Krauncadvipa, aka: Kraunca-dvipa, Krauñcadvīpa; 5 Definition(s)
Krauncadvipa means something in Hinduism, Sanskrit. If you want to know the exact meaning, history, etymology or English translation of this term then check out the descriptions on this page. Add your comment or reference to a book if you want to contribute to this summary article.
Alternative spellings of this word include Kraunchadvipa.
Purana and Itihasa (epic history)
Krauñcadvīpa (क्रौञ्चद्वीप) is one of the seven islands (dvīpa), ruled over by Jyotiṣmān, one of the ten sons of Priyavrata, according to the Varāhapurāṇa chapter 74. Priyavrata was a son of Svāyambhuva Manu, who was created by Brahmā, who was in turn created by Nārāyaṇa, the unknowable all-pervasive primordial being.
These are the seven major mountains in Krauñcadvīpa:
- Vidyullata (or, Raivata),
- Mānasa (or, Pāvaka),
- Andhakāra (or, Acchodaka),
- Devāvṛta (or, Surāpa),
- Deviṣṭha (or, Kāñcanaśṛṅga),
- Govinda (or, Dvivinda),
- Puṇḍarīka (or, Toyāsaha).
These are the seven regions situated in Krauñcadvīpa:
- Kuśala (or, Mādhava),
- Vāmaka (or, Saṃvartaka),
- Uṣṇavān (or, Saprakāśa),
- Pāvaka (or, Sudarśana),
- Adhakāra (or, Sammoha),
- Munideśa (or, Prakāśa),
- Dundubhi (or, Anartha).
These are the seven major rivers situated in Krauñcadvīpa:
- Gauri (or, Puṣpavahā),
- Kumudvatī (Ārdravatī),
- Sandhyā (or Raudrā),
- Rātrī (or, Sukhāvahā),
- Manojavā (or, Bhogajavā),
- Khyāti (or, Kṣiprodā),
- Puṇḍarīka (or, Bahulā).
The Varāhapurāṇa is categorised as a Mahāpurāṇa, and was originally composed of 24,000 metrical verses, possibly originating from before the 10th century. It is composed of two parts and Sūta is the main narrator.Source: Wisdom Library: Varāha-purāṇa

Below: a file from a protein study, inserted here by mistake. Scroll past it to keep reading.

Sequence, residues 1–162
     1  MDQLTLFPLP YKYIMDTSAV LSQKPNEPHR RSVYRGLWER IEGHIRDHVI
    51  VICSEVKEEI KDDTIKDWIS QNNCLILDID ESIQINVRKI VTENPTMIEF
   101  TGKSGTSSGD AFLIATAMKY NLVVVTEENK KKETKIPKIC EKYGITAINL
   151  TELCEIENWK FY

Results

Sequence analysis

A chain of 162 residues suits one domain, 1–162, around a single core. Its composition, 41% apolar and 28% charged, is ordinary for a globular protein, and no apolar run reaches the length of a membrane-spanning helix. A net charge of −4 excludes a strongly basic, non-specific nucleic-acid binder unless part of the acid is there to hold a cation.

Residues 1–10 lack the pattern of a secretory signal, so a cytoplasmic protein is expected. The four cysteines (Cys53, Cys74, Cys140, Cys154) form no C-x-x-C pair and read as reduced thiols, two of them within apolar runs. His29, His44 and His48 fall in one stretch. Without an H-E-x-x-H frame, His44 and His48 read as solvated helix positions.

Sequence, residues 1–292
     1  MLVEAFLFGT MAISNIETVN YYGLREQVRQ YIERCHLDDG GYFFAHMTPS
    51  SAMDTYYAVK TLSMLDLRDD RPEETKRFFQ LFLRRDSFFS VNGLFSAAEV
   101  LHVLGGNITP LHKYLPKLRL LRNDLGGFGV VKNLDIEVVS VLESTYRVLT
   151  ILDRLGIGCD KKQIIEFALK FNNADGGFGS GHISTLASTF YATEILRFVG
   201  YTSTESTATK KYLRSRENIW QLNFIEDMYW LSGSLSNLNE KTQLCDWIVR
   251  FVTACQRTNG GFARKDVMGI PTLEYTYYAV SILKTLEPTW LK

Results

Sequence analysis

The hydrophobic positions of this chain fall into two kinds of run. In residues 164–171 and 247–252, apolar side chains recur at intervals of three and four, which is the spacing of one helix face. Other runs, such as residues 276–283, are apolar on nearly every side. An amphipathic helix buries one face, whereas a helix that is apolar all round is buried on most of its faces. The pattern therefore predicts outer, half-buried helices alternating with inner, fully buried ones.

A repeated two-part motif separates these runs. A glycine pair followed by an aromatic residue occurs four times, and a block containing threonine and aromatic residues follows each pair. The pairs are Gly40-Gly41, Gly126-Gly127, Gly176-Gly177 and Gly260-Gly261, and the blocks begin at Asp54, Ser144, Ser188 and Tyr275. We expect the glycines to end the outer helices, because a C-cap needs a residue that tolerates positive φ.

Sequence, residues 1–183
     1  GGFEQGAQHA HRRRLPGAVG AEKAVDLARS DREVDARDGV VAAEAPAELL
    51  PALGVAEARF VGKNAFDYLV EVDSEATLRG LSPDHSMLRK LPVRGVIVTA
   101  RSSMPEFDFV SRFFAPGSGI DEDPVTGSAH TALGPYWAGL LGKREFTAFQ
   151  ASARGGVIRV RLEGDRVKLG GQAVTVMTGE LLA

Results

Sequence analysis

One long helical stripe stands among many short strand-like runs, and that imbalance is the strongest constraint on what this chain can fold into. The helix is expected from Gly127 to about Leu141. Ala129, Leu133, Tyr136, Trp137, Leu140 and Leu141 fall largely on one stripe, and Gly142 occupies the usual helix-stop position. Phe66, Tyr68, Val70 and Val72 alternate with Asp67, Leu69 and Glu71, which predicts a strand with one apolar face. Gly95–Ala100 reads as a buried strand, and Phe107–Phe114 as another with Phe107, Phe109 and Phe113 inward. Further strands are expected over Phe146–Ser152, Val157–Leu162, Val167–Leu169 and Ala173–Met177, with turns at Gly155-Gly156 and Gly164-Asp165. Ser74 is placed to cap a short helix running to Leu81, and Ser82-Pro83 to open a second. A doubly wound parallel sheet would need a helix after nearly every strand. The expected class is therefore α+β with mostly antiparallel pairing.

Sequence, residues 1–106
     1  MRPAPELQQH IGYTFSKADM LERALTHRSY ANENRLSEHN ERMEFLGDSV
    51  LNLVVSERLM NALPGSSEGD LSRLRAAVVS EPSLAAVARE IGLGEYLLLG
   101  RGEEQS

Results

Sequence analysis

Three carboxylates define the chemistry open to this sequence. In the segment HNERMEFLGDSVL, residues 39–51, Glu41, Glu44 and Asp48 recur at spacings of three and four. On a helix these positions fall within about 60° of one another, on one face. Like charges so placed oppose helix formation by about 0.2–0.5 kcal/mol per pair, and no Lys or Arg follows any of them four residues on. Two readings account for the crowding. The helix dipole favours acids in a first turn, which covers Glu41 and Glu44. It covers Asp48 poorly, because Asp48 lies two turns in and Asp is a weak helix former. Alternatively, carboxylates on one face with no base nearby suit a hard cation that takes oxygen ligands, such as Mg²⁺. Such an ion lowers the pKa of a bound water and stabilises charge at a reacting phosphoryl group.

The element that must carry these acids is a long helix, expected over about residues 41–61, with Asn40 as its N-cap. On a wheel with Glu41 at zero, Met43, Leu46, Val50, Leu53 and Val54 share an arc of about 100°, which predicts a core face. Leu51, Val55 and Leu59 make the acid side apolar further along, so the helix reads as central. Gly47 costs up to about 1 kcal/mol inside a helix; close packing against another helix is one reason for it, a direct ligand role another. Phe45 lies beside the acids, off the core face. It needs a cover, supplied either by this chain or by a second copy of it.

Krauñcadvīpa (क्रौञ्चद्वीप).—(ISLAND OF KRAUÑCA). One of the Saptadvīpas (seven islands). The seven islands are Jambūdvīpa, Plakṣadvīpa, Śālmalīdvīpa, Kuśadvīpa, Krauñcadvīpa, Śākadvīpa and Puṣkaradvīpa. (Devī Bhāgavata Skandha 8). Krauñcadvīpa is described as follows in Mahābhārata, Bhīṣma Parva, Chapter 12:—In this island there are the mountains Krauñca, Vāmanaka, Andhakāra, Maināka, Govinda, Nibiḍa, and Viṣkambha. The various countries in this island are Kuśala, Manonuga, Uṣṇa, Prāvaraka, Andhakāraka, Munideśa, Dundubhisvana etc.Source: archive.org: Puranic Encyclopaedia
The Purana (पुराण, purāṇas) refers to Sanskrit literature preserving ancient India’s vast cultural history, including historical legends, religious ceremonies, various arts and sciences. The eighteen mahapuranas total over 400,000 shlokas (metrical couplets) and date to at least several centuries BCE.
Katha (narrative stories)
Krauñcadvīpa (क्रौञ्चद्वीप).—One of the seven continents (dvīpa) of Bhūrloka (earth).—In the Krauñcadvīpa, there is Krauñca mountain. The Krauñcadvīpa is encircled by an ocean (samudra) of curd.Source: Shodhganga: A critical appreciation of soddhalas udayasundarikatha
Katha (कथा, kathā) refers to narrative Sanskrit literature often inspired from epic legendry (itihasa) and poetry (mahākāvya). Some Kathas reflect socio-political instructions for the King while others remind the reader of important historical event and exploits of the Gods, Heroes and Sages.
Shaivism (Shaiva philosophy)
Krauñcadvīpa (क्रौञ्चद्वीप) refers to one of the seven continents (saptadvīpa) situated within the world of the earth (pṛthivī), according to Parākhyatantra 5.61. It is also known as plainly Krauñca. These continents are located above the seven pātālas and may contain even more sub-continents within them, are round in shape, and are encircled within seven concentric oceans.
According to the Parākhya-tantra, “beyond that is the continent Krauñca, where Kārttikeya threw his spear of great power and slew the great demon Krauñca. Beyond that is the ocean of clarified butter, where the creator, in a sacrifice (kratu), placed a great deal of clarified butter to give pleasure to the gods; that is why it is known as the ocean of clarified butter”.